Digicel extends bond-swap deadline as talks continue
Denis O'Brien-owned Digicel has again extended the deadline for a swap offer it has made to certain bondholders,
The new deadline for the deal is November 2 - with the deadline having previously been extended to this coming Friday.
The telecoms business is in negotiations with a group of the bondholders who are looking for improved terms.
Digicel said yesterday that "constructive discussions" continue.
Under the offer, bonds with an 8.25pc interest due in 2020 would be swapped for new bonds due in 2022, also with an 8.25pc interest rate.
Another class of bonds, due in 2022 and with a 7.125pc interest rate, would be swapped for new bonds due in 2024, with an 8.25pc interest rate. Cash interest would be 7.125pc and payment-in-kind interest (paid in notes) would be 1.125pc.
After the offer was made a group of bondholders seeking better terms was formed - with investment bank Moelis & Co and law firm Akin Gump coming on board to advise the group.
Akin Gump put out a statement saying the terms on offer were unacceptable, based on feedback it had from bondholders.
It said the holders of 60pc of the 2020 and 2022 notes had agreed not to accept the offer - and were willing to engage in "constructive discussions regarding the possibility of an alternative proposal".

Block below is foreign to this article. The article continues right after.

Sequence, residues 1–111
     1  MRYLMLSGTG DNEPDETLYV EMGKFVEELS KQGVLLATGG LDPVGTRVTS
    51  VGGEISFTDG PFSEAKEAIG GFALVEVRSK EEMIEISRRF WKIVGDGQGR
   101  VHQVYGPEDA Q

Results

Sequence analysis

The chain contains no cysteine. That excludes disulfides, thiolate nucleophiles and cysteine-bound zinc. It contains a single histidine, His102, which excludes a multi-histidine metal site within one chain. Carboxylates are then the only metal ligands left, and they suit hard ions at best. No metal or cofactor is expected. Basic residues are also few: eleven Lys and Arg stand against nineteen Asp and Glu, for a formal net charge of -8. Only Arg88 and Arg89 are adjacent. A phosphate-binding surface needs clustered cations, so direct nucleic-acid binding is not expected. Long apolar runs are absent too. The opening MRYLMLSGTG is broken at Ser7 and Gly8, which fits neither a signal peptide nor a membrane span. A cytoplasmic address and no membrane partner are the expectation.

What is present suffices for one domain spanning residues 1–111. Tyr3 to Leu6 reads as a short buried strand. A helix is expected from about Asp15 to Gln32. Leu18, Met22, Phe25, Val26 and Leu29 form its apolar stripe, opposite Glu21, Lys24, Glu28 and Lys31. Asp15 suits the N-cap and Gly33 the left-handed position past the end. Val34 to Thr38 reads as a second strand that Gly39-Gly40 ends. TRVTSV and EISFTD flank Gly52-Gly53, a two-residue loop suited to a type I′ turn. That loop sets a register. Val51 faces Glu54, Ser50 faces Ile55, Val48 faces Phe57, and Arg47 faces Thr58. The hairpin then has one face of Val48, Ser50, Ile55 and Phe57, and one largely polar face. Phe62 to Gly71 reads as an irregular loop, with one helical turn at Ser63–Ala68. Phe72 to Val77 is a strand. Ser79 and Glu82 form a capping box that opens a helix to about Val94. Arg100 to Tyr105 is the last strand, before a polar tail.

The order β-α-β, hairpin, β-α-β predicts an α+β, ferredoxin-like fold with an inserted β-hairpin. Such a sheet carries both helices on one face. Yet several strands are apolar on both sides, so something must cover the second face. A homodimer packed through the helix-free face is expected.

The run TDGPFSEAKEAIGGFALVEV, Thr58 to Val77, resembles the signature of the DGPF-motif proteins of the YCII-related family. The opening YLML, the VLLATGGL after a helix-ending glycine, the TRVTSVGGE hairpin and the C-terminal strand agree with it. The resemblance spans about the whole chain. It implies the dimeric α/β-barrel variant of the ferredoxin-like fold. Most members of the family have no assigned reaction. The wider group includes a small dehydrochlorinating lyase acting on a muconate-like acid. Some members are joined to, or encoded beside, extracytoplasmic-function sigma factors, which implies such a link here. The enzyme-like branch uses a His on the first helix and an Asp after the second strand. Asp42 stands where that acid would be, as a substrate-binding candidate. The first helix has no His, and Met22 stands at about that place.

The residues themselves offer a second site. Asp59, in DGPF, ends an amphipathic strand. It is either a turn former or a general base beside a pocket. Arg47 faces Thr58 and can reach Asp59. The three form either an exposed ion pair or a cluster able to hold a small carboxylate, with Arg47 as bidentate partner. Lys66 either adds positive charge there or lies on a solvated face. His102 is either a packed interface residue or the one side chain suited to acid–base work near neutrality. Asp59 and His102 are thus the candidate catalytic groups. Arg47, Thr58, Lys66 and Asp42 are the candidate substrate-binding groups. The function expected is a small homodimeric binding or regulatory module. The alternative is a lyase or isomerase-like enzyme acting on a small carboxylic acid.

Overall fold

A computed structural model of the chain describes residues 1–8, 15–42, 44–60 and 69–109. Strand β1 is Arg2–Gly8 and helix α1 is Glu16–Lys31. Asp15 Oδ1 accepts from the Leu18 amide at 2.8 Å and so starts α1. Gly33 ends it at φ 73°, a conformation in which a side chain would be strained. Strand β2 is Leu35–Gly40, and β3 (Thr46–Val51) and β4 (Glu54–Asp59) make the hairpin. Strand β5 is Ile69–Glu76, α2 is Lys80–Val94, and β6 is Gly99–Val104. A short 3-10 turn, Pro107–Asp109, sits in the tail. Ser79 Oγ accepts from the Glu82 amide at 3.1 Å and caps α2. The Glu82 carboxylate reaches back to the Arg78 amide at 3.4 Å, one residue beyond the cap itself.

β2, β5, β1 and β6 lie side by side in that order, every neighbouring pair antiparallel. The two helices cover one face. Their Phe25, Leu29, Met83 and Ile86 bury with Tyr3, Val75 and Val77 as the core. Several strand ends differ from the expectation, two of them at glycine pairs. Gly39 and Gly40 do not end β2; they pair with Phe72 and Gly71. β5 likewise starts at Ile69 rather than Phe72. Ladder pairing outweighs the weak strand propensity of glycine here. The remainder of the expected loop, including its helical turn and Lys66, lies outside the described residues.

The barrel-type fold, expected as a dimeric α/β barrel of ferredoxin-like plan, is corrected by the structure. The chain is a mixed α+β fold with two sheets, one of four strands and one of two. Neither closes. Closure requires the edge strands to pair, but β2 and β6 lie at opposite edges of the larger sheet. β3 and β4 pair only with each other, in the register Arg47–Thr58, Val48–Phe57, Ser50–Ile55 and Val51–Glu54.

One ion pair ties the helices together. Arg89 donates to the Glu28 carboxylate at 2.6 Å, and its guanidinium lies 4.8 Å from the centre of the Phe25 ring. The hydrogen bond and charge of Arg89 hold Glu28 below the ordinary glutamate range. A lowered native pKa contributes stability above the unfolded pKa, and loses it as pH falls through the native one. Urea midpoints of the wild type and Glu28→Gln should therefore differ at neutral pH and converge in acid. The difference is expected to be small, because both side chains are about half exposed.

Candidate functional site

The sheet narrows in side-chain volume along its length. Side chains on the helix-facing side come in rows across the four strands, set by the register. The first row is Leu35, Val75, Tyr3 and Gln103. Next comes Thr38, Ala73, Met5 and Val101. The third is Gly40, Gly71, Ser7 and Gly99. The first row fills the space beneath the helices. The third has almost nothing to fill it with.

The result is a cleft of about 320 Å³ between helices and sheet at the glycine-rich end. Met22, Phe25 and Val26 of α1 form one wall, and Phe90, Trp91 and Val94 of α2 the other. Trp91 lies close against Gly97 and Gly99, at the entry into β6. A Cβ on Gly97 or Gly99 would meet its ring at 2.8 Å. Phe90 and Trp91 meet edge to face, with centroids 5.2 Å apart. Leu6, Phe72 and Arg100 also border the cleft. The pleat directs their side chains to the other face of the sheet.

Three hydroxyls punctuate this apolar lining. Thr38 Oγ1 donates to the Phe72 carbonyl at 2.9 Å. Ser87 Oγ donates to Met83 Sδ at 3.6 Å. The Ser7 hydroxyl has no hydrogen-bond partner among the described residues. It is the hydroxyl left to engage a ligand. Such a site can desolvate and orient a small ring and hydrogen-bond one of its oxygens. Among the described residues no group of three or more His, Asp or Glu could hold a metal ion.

The group asked other bondholders to refrain from accepting the offer. One of the issues that is believed to have emerged is an element of the plan that would see the new 2024 notes subordinated to other parts of Digicel's capital structure.
Completing the deal would give Digicel more breathing space as it looks to reduce its debt burden.
The company offers telecommunications and entertainment services across a number of countries in the Caribbean, Central America and Asia Pacific.
That means it receives payments in local currencies, but with debt denominated in the dollar, the payments it receives are worth less in dollar terms when the dollar strengthens, as it has been doing this year.
That puts pressure both on earnings and on debt repayments.
The company, which abandoned plans for a stock market flotation in 2015, last year embarked on a transformation programme known as Digicel 2030.
It outlined plans to restructure the organisation, centralising certain back office functions in a number of hubs in a move that it said would see a 25pc reduction in its global headcount.
The company also said it wanted to upgrade its networks - a move designed to help support customers in consuming streaming products like Netflix or Spotify.